Many people are used to having clean water that they take it for granted. Those in certain parts of the world do not have to think twice about water safety and availability, yet it is a daily concern for billions across the globe. Whether it is in their homes, farms, schools, or their work, these disadvantaged people have difficulty accessing safe water. It is often seen as a form of discrimination.
Access to drinkable, usable water is a basic human right, yet the lack of it is a real emergency for so many, which is why World Water Day was created. It takes place on March 22 and is sponsored by the World Health Organization, Unicef, AquaFed, the United Nations, and other groups. Their goal is to educate, advocate, and focus on why so many are in this crisis.
The water technology company, Bluewater, conducted a survey that reported 28 percent of Americans have been confronted with water contamination from 2016 to 2018. The respondents also expressed concerns about toxic metals, lead, and chemical pollutants in their water. Nine percent said that they had to drink bottled water because of contaminated water supplies. Using plastic bottles creates more waste, which can end up in drinking water; its long-term health effects are not clear.
Bluewater’s president said that plastic bottles are a convenience, and these pollute the planet’s waters. Other sources of water contamination include water products from refineries, waste treatment plants, and factories, even though these practices are regulated. There are also indirect sources, such as groundwater and soils that contain pesticides and fertilizers; automobile and factory emissions also get into the air and water supply. Polluted water can poison people, animals, and ecosystems.
Poorer communities, especially those with older and poorly functioning water systems, can be at a higher risk for toxic water consumption. Without decent water systems, these people are confronted with contaminated water and skyrocketing utility bills. This was seen in Flint, Michigan when lead-contaminated water created a public health crisis in this poverty-stricken area in 2014. The city had changed water suppliers to save money, and this led to corrosion in the pipe system.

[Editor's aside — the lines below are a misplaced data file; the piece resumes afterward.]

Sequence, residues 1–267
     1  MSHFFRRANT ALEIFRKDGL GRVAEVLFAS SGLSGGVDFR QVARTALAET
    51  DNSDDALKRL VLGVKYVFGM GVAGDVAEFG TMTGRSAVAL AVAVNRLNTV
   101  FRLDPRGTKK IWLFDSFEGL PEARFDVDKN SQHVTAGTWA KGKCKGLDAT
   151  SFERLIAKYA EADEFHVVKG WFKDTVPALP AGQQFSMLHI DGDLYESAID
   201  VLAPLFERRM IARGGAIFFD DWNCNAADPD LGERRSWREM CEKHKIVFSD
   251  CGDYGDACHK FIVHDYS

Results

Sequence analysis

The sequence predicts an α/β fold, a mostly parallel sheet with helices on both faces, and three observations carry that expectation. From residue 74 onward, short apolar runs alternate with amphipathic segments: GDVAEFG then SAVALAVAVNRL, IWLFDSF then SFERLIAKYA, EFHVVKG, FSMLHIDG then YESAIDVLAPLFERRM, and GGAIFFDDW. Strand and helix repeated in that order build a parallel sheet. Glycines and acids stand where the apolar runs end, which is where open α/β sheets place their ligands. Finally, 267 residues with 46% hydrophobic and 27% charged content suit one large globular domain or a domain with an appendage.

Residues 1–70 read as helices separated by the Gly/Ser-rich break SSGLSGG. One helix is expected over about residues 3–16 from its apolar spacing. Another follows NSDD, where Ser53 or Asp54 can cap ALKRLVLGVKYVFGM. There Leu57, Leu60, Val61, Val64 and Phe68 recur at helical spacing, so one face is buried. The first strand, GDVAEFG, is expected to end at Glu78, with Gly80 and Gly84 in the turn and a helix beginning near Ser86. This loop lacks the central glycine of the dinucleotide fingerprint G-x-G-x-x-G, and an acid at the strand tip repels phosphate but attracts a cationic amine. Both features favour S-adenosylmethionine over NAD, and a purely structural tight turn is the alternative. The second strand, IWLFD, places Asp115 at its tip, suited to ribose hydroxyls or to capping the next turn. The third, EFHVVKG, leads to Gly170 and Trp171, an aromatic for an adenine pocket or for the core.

Jacobs & Crumplar, P.A. is involved with another water contamination case that involves a lower-income area. It involves Mountaire Farms, a poultry producing factory in Millsboro, Delaware. The company is accused of violating state environmental laws, with allegations that they have contaminated the local groundwater and land. This poses health threats to people living in the area.
Everyone should have access to safe water, but many factors are unjustly preventing many from having a basic human right. This is becoming an issue that spans communities across the globe. If governments start to invest in improving water infrastructures and services without bias, people of all economic and cultural backgrounds can benefit from safer water and better health. World Water Day hopes to raise awareness on this front.
If you and your family are suffering the effects of toxic water, contact an experienced Delaware environmental lawyer at Jacobs & Crumplar, P.A. Call us at 302-656-5445 or complete an online form for a free consultation today. Our offices are in Wilmington and Georgetown, Delaware, where we represent clients in Dover, New Castle County, and Sussex County.
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